Maintenance Products

PTG recommends changes to MRRT

On 21 December, 2010, the Policy Transition Group (PTG), headed by former BHP Billiton chairman Don Argus and the Federal Resources and Energy Minister Martin Ferguson, delivered its recommendations to the Federal Government on the design and implementation of the Minerals Resource Rent Tax (MRRT). The PTG report is the next step in the formulation of the MRRT that will, if passed by Parliament, apply to coal and iron ore producers from 1 July, 2012.

There were 67 recommendations in relation to the MRRT. The PTG and its secretariat consulted over a number of months with key stakeholders from the affected industries and more broadly. Overall, the recommendations appear well balanced, providing some concessions for industry and standing firm in areas that had potential to put revenue at risk. Importantly, the Federal Treasury has advised that the recommendations are broadly revenue neutral over the forward estimates, consistent with the PTG?s terms of reference. It would appear some progress is being made which is no doubt attributable to the appointment of the co-chairs. Ignoring the political background and its possible implications for the MRRT, this article outlines some of the main recommendations made by the PTG.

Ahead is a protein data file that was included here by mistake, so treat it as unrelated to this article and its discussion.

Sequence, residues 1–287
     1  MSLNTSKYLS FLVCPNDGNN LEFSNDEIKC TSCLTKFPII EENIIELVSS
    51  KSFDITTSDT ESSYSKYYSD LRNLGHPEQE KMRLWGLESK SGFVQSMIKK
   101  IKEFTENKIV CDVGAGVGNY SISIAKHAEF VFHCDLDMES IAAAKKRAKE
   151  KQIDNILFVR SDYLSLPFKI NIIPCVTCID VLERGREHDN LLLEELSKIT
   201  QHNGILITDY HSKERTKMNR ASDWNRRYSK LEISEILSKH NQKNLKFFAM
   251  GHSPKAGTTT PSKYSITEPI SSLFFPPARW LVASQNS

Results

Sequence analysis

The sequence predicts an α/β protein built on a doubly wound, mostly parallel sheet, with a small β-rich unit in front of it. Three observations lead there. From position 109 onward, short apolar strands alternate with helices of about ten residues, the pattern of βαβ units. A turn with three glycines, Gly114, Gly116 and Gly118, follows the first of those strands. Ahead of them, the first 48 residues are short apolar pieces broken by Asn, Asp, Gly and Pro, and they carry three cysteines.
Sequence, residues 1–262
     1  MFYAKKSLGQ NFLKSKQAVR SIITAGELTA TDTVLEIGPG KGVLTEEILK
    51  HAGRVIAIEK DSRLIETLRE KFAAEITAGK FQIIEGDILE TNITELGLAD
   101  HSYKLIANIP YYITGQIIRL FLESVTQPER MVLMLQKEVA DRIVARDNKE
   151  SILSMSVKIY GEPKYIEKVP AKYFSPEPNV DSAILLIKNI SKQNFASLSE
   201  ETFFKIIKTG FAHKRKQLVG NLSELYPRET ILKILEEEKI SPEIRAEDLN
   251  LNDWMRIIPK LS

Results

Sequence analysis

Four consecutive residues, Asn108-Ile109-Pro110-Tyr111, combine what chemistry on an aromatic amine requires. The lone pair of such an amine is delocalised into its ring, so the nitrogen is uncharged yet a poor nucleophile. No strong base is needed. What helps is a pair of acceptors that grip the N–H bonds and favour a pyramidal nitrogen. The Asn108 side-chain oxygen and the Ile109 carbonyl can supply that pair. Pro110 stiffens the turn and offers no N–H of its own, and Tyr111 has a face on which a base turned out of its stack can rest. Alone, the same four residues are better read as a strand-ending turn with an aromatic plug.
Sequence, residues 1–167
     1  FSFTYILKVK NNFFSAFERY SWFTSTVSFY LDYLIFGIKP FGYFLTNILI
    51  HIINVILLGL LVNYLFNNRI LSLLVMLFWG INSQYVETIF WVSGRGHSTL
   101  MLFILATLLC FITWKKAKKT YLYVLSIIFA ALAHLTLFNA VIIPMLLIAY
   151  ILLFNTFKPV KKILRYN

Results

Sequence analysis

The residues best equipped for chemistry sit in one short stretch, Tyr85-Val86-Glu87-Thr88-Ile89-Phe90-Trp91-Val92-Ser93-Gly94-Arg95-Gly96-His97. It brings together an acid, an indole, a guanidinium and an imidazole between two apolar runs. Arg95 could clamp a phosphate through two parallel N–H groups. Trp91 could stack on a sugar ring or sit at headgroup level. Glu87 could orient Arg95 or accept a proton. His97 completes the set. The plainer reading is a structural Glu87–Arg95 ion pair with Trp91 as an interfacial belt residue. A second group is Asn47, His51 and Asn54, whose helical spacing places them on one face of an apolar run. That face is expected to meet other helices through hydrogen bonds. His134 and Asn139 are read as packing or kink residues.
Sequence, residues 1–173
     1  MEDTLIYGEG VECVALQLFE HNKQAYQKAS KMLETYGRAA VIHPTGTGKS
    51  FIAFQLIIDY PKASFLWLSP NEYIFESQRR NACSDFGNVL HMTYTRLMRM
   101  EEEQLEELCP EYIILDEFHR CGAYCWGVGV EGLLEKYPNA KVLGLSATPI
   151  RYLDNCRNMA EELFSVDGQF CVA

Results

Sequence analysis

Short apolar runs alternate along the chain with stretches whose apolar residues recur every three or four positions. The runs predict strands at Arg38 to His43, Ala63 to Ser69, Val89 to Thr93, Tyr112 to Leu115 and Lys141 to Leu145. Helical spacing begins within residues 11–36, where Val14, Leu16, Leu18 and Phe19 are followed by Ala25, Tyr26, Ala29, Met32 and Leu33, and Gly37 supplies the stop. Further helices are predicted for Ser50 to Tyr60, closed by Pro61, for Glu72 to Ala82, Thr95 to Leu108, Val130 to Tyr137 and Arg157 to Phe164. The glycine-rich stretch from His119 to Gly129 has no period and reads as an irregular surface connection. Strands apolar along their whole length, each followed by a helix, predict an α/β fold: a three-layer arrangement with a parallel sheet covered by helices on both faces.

So what are the main changes or clarifications from the previously issued public documents?

The PTG has recommended that all State royalties be credited including all future increases and that mechanisms be put in place ?to ensure that State and Territory Governments do not have an incentive to increase royalties on coal and iron ore?. Creditable royalties will also include those collected by State Governments on behalf of private land owners. This is a significant recommendation in light of the recent stances of the industry and government. Freezing royalty credits at May 2010 levels will impact the ability of Australian iron ore and coal industries to compete internationally as well as create uncertainties around the overall level of taxation on industry that would impact future investment decisions. The pressure will be put onto the Federal and State Governments to come to the table.